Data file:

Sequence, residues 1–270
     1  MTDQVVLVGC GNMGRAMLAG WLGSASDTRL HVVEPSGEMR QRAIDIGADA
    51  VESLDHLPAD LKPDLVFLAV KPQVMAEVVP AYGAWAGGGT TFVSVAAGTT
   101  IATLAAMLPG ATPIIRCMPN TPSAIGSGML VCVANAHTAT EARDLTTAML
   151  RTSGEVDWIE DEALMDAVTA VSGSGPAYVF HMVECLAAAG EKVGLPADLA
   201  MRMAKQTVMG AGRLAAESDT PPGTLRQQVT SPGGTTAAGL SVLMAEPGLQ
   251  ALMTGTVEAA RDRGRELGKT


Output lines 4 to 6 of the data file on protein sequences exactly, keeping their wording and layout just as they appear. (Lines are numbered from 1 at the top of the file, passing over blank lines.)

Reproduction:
   101  IATLAAMLPG ATPIIRCMPN TPSAIGSGML VCVANAHTAT EARDLTTAML
   151  RTSGEVDWIE DEALMDAVTA VSGSGPAYVF HMVECLAAAG EKVGLPADLA
   201  MRMAKQTVMG AGRLAAESDT PPGTLRQQVT SPGGTTAAGL SVLMAEPGLQ